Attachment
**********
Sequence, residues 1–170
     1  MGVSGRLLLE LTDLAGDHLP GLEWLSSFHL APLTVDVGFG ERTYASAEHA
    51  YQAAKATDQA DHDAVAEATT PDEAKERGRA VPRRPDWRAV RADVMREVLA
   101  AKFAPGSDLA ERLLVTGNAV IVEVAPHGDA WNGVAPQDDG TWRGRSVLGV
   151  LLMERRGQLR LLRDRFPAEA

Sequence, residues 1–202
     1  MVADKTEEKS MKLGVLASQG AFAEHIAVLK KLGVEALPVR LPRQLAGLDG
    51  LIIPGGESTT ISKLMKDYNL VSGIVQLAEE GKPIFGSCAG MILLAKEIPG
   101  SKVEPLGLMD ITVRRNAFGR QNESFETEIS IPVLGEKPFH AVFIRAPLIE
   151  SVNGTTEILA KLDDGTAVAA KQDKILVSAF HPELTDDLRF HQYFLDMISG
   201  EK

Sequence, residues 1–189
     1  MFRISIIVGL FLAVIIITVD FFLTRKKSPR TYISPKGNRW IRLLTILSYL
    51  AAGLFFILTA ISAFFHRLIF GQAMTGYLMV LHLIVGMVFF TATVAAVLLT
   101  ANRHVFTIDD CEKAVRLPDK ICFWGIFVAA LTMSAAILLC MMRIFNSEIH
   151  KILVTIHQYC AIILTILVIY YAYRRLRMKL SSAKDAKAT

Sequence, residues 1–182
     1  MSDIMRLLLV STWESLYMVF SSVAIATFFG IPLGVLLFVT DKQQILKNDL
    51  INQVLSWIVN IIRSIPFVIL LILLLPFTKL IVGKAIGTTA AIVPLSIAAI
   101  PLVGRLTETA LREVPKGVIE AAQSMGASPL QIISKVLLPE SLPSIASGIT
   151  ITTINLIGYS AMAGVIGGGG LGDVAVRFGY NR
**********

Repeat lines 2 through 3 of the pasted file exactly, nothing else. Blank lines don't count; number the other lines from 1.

     1  MGVSGRLLLE LTDLAGDHLP GLEWLSSFHL APLTVDVGFG ERTYASAEHA
    51  YQAAKATDQA DHDAVAEATT PDEAKERGRA VPRRPDWRAV RADVMREVLA